Business As Mission (BAM) is a movement that is picking up steam. While it always involves business ventures with a ‘kingdom of God purpose,’ some examples make the case in a particularly compelling way.
Rachel Rose Nelson will tell the story of a “global alliance working to end human trafficking by addressing its economic roots” during the Business As Mission Conference next Friday, June 3. (Ticket sales end May 31.)
The Executive Director of Freedom Business Alliance will be one of two keynote speakers for the day-long event at the Vancouver Marriott Downtown Hotel.
Following is their description of what they do.
Understanding Freedom Business starts with understanding human trafficking. Today over 40 million people around the world are victims of human trafficking, also known as modern slavery.¹ This statistic is simply staggering. While awareness of this global crisis has grown, many are unfamiliar with what human trafficking is and how it happens.
Human trafficking is the recruitment, transportation, transfer, harbouring or receipt of persons, by means of threat, use of force or other forms of coercion. Traffickers use means such as abduction, fraud, deception or the abuse of power to gain control of their target victims.
Essentially, traffickers identify then leverage their victims’ vulnerabilities in order to create dependency. This often includes the giving or receiving of payments or other benefits to achieve the initial consent of a person – sometimes even a family member – who has control over the intended victim.²
Their end goal is labour exploitation – forced labour and sex trafficking which together amount to global profits of roughly $150 billion a year for traffickers, $99 billion of which comes from commercial sexual exploitation.³
An estimated 71 percent of enslaved people are women and girls, while men and boys account for 29 percent.⁴ Traffickers prey on socioeconomic vulnerabilities for their own gain.
How human trafficking happens:
- Traffickers buy and exploit people vulnerable due to extreme poverty
- Desperate families send or sell their children for promises of work
- Perpetrators use threats, violence and other tactics of control
The journey to freedom:
- Rescue organizations free victims of trafficking and exploitation
- Restoration organizations provide counseling and rehabilitation
- Freedom Businesses offer training and safe jobs
The need for Freedom Business
Efforts to rescue victims of human trafficking have steadily risen over the last decade. However, the vulnerabilities of survivors do not disappear once a victim has been rescued. The factors that made them vulnerable in the first place, such as a lack of education, job training or employment opportunities, still exist.
The trauma of being trafficked then adds yet another layer of vulnerability. This leads to a startling level of re-trafficking. 80 percent of those rescued from modern slavery, also known as Human Trafficking, will be re-trafficked in the absence of safe employment opportunities.⁵
To fight modern slavery and exploitation we need a strategy that includes more than rescue, one which addresses the economic vulnerabilities at the root of the problem. Freedom Business is that strategy, but it is not without incredible challenges.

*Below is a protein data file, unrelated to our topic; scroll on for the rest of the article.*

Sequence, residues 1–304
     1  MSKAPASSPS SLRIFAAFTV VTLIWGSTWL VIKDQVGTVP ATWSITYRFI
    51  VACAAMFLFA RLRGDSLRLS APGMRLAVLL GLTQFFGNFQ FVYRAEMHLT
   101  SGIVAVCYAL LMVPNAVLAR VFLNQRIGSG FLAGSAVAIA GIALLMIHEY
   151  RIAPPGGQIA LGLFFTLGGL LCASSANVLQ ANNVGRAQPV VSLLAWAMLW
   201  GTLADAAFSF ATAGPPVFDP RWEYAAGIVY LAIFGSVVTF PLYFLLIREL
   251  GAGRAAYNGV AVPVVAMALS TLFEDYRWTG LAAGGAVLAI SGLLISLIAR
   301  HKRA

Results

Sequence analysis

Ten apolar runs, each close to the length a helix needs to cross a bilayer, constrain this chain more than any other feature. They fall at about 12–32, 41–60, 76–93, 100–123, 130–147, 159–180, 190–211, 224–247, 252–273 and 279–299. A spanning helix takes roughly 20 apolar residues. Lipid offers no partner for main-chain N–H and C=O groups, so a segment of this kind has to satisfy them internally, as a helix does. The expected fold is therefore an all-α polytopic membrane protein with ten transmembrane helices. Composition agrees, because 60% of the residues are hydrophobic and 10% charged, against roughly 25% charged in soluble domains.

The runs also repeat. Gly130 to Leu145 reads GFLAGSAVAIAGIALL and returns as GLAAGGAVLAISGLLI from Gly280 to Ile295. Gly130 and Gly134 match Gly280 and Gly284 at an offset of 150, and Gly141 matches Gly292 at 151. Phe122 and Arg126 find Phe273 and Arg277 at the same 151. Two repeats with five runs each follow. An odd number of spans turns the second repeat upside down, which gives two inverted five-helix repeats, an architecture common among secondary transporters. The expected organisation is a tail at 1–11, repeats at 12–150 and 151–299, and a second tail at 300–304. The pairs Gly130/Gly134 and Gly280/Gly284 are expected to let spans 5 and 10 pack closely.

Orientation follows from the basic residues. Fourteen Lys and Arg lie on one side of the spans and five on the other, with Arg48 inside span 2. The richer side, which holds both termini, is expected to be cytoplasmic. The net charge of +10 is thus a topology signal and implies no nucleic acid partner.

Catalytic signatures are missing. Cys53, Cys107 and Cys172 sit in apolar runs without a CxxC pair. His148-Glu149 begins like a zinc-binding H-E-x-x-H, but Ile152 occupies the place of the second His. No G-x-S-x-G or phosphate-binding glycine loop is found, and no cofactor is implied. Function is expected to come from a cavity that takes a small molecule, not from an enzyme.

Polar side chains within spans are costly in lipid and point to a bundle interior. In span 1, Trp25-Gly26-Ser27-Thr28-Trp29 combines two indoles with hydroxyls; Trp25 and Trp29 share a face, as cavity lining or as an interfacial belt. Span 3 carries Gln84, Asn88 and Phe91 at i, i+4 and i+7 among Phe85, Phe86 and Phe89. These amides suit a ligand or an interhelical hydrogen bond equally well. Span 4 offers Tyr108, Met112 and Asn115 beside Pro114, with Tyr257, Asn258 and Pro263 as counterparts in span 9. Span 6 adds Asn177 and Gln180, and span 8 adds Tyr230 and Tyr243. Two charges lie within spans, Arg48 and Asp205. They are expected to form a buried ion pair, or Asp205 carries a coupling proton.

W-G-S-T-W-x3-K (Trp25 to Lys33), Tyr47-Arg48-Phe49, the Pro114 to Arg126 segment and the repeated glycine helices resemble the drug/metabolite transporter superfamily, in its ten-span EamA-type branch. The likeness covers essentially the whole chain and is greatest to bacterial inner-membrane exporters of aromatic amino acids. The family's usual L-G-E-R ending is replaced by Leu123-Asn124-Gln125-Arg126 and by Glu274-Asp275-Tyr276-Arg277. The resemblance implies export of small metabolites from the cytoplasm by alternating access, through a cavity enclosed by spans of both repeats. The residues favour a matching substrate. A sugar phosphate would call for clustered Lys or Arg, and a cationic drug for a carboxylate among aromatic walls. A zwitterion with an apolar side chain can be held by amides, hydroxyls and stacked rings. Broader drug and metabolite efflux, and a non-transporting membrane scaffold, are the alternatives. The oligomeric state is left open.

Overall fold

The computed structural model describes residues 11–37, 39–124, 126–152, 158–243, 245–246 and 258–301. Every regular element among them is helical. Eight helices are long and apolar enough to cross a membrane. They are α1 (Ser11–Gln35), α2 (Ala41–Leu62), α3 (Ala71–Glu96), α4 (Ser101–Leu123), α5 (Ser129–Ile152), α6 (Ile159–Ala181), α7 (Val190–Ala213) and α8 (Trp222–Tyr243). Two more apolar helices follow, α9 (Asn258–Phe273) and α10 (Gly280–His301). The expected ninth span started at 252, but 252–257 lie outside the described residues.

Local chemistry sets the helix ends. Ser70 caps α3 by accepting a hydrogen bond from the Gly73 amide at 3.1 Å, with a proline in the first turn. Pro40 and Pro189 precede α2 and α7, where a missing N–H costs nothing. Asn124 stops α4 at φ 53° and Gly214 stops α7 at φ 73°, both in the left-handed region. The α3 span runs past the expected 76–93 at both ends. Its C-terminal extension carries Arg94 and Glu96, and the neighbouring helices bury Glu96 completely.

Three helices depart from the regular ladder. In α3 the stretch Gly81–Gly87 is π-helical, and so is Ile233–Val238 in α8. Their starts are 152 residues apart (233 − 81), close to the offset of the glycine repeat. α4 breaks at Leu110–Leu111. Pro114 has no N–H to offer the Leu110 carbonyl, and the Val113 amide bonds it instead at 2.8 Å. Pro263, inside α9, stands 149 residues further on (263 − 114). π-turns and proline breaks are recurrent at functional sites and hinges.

Freedom Business exists to create employment opportunities for survivors of human trafficking and those at risk.
These businesses create a healing-centered workplace intentionally designed to support the healing journey of survivors and contribute to their holistic development. They uphold the Six Commitments as outlined in the Freedom Business Code of Excellence.
100 members / 28 countries
Today there are about 100 Freedom Businesses operating in more than 28 countries around the world. It is the mission of Freedom Business Alliance (FBA) to scale the Freedom Business Movement. Our vision is a job for every person healing from modern slavery and vulnerable to exploitation.
As an industry facilitator for Freedom Business, FBA removes the many barriers to growth and scale that no single business can address on its own. We connect the many players in the Freedom Business ecosystem and coordinate collective action.
- International Labor Office. “Global Estimates of Modern Slavery: Forced Labour and Forced Marriage Executive Summary 2016.” Available at: http://www.ilo.org/wcmsp5/groups/public/@dgreports/@dcomm/documents/publication/wcms_575540.pdf
- United Nations. (2000). Protocol to Prevent, Suppress and Punish Trafficking in Persons, Especially Women and Children, Supplementing the United Nations Convention against Transnational Organized Crime. Retrieved from https://www.refworld.org/docid/4720706c0.html
- Human Rights First. “Human Trafficking by the Numbers.” Accessed July 31, 2019. https://www.humanrightsfirst.org/resource/human-trafficking-numbers.
- Free the Slaves.“Trafficking and Slavery Fact Sheet.” Accessed July 31, 2019. https://www.freetheslaves.net/wp-content/uploads/2018/04/Trafficking-ans-Slavery-Fact-Sheet-April-2018.pdf
- Thomson Reuters Foundation. “Jobs to Restore the Lives of Slavery Survivors and Prevent Re-trafficking.” Trust Conference. Accessed June 02, 2018. http://www.trustconference.com/actions/i/?id=0598c1c2-c724-410d-a5e0-ac60fa9d7b8c
Go here for more information and to register. The other keynote speaker is Mark Wexler, Co-founder and Managing Partner of Just Business. Several local business people will participate in panels as well.